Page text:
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Cigliuti Barbera d'Alba Serraboella 2009
Critical AcclaimAll Vintages
The Fratelli Cigliuti winery is situated on the Serraboella hill, 350 metres above sea level, overlooking the village of Neive, in the Langhe region of Piemonte, N.W. Italy. Neive is one of the three villages responsible for producing Barbaresco from the Nebbiolo grape. The territory of Langhe is characterised by hills, steep slopes and a predominantly calcareous clay soil. The climate is mainly continental, with important differences in microclimate depending on the site. This terroir brings minerality, complexity, personality and longevity to the wines.
The estate is made up of 5 hectares on Serraboella, and 1.5 hectares on Bricco di Neive. Serraboella, rich in calcareous clay, is planted with Nebbiolo, Barbera, and Dolcetto; incorporating the single vineyard 'Campass'. The sandier Bricco di Neive is planted exclusively with Nebbiolo. The Cigliuti family tend the vineyards themselves, by hand, and in a way which respects the environment. Yields are kept low in order to harvest the finest fruit.
Beloved for flavorful red wines, Alba is an epicurean’s dream. The historic walled town at its heart is where growers from throughout the Piedmont region would once go to sell their produce to winemakers and négociants following the harvest, but today it is better recognized as one of Italy’s premiere culinary destinations. Sandwiched between Barolo and Barbaresco, the best vineyards, located atop sunny, south-facing hills, are planted with Nebbiolo. A popular entry-level alternative to its pricier neighbors, Nebbiolo d’Alba is softer and less tannic, ready to drink within just a couple years of bottling.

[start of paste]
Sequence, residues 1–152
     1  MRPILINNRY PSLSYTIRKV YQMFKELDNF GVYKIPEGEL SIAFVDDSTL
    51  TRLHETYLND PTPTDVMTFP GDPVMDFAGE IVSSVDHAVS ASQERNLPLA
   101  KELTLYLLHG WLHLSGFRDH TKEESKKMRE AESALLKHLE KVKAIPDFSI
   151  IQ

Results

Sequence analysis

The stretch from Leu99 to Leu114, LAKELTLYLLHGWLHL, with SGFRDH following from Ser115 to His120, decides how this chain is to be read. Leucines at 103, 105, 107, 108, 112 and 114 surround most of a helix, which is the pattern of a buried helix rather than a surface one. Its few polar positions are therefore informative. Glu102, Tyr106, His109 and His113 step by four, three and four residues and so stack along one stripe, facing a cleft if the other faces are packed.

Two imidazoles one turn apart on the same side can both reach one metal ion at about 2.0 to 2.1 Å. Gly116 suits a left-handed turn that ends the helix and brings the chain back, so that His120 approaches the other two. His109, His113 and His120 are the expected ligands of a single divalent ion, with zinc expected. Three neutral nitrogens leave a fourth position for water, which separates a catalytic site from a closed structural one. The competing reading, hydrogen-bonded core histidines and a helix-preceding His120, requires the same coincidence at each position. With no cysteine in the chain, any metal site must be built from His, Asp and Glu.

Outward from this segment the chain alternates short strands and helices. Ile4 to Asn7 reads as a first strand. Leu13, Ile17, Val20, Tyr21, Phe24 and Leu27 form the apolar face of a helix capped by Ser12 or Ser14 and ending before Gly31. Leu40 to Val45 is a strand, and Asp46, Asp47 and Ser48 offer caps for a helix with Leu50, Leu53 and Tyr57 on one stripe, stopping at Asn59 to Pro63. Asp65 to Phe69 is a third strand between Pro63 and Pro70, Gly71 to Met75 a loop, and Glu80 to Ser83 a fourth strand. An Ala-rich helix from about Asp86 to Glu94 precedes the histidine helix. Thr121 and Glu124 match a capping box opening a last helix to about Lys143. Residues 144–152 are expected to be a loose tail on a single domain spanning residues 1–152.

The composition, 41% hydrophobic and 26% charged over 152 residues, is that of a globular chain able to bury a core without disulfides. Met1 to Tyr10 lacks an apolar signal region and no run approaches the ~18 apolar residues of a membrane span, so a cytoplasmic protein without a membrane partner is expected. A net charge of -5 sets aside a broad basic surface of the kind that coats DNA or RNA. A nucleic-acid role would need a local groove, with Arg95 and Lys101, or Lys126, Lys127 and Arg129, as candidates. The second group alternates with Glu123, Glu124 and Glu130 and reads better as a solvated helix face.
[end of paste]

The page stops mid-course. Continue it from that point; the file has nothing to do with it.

Dolcetto, one of Piedmont’s more easygoing varieties, is commonly grown here, known as Dolecetto d'Alba, and can often be found casually served in carafes on the tables of Alba’s oseterias and trattorias. These light and smooth wines are meant to be drunk young and with gusto while the region’s more serious wines age. Barbera is planted here as well, and takes on a more powerful, structured personality than that of its counterparts in Asti.
Friendly, approachable, and full of juicy fruit flavor, Barbera produces wines in a wide range of styles, from young and fruity to serious, spicy, and age-worthy. Piedmont is the most famous source of Barbera, but is also planted in the Italian provinces of Lombardy and Emilia-Romagna. It is one of the most successful and lasting remnants of the Cal-Italian movement, grown throughout the state of California—particularly in the Sierra Foothills—and has also found a foothold in parts of Australia.
In the Glass
Barbera is typically marked by red cherry, raspberry, and blackberry flavors backed by a signature zingy acidity and smooth tannins. More complex examples can include notes of cocoa, savory spice, anise, and nutmeg. In warmer New World climates, Barbera is all about the fruit, sometimes leaning towards over-ripe or dried fruit flavors that can give an impression of sweetness to the wine. Old World Barbera can develop intriguing notes of graphite, smoke, lavender, and violet.
Barbera’s prominent acidity makes it a natural match with tomato-based dishes, therefore making it an easy pairing with a wide array of Italian cuisine. It works just as well with lighter red meat dishes, hamburgers, or barbecue.
Most Barbera wines come from one of two villages in Piemonte—Alba and Asti. Though it is difficult to generalize, typically Barbera d’Asti is softer and more elegant with bright, tangy acidity, while Barbera d’Alba tends to be fuller, rounder, and fleshier.